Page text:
Cubs 4, Reds 3

The Chicago Cubs are really rolling now. Even little Tony

Campana has a homer, and manager Mike Quade called it before the

game.

Campana drove in a pair of runs with an inside-the-park homer

and the Cubs beat the Cincinnati Reds 4-3 on Friday for their sixth

consecutive victory.

”It was fun,” he said. ”Got out there and had a chance to

play. Every time I get out there, I just try to make things

exciting. I think I did that today.”

It was the first major league homer for the 5-foot-8, 165-pound

Campana, who also singled, doubled and made a nice catch in center

field. Campana became the first Cub to hit an inside-the-park shot

at Wrigley Field for his first homer.

It also came shortly after Quade, while discussing Chicago’s

recent power surge before the game, predicted Campana would get one

against the Reds.

”As soon as it happened, I looked at (bench coach) Pat

(Listach) and said, `You’re not going to believe this,”’ Quade

said.

”What a day (Campana) had, huh? Little son of a gun got off the

plane – I don’t even know if he slept – and did one heck of a

job.”

Ryan Dempster (9-8) struggled with his control, matching his

season high with six walks, but held the Reds to two runs and four

hits in six innings.

”It was all right,” Dempster said. ”I felt like I battled

good. One minute I felt like I could throw the ball where I want,

the next I was hoping to hit somewhere around the plate.”

Carlos Marmol worked the ninth for his 24th save in 31 chances

and third in as many days. He is 5 for 5 since he returned to the

closer role after being temporarily removed from the back end of

games because of control problems.

”He wanted in bad,” Quade said. ”He’s been though his

struggles. He’s pitching well and I think he had something to prove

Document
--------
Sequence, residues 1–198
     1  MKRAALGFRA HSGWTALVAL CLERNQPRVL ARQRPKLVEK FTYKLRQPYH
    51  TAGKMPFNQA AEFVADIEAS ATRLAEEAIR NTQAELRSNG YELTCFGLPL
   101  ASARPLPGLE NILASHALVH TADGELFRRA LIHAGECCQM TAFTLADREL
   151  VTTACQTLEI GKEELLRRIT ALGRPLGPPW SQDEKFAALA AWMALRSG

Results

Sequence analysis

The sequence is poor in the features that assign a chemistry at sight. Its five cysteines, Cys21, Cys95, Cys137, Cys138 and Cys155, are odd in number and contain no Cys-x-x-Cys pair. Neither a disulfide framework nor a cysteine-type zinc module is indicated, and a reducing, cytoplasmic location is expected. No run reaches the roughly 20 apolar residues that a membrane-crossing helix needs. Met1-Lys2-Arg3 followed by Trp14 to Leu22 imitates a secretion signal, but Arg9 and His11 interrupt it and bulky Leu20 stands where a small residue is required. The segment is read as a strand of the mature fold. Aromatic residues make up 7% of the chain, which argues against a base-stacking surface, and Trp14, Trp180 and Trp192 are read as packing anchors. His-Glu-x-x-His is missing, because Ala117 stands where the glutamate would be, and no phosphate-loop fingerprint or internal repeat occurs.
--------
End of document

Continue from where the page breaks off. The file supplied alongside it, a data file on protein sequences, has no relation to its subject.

here at home. When my closer comes to me and tells me that, he’s

in.”

Ramon Hernandez homered for Cincinnati, which has lost three of

four since a three-game sweep of the San Francisco Giants. Brandon

Phillips and rookie Yonder Alonso each had two hits, but the Reds

picked up their 26th one-run loss of the season, most in the

majors.

”Seems like we can’t get the big hit when we need a clutch

hit,” Reds manager Dusty Baker said.

Reds starter Mike Leake (9-7) allowed three runs and six hits in

six innings. He also had an RBI single in Cincinnati’s two-run

fourth that trimmed Chicago’s lead to 3-2.

”I was missing some spots early, but then I locked in a little

bit,” Leake said.

The Cubs jumped on Leake in the first. Starlin Castro hit a

leadoff single and Campana followed with a slicing drive that

landed inside the left-field line, bounced off the brick wall in

foul territory and rolled past stumbling left fielder Alonso.

Campana, among the fastest players in baseball, zipped around

the bases and scored standing up before the Reds could even return

the ball to the infield, electrifying the crowd while some fans

were still looking for their seats.

”I hit the ball and the first thing I thought is that the third

baseman is going to catch it,” Campana said. ”Then it got behind

and I thought, `OK, that’s a double.’ Then saw the guy hit the wall

and I thought I had a chance to get all the way around.”

It was the Cubs’ first inside-the-park homer at Wrigley Field

since Sammy Sosa accomplished the feat against the Pirates on Oct.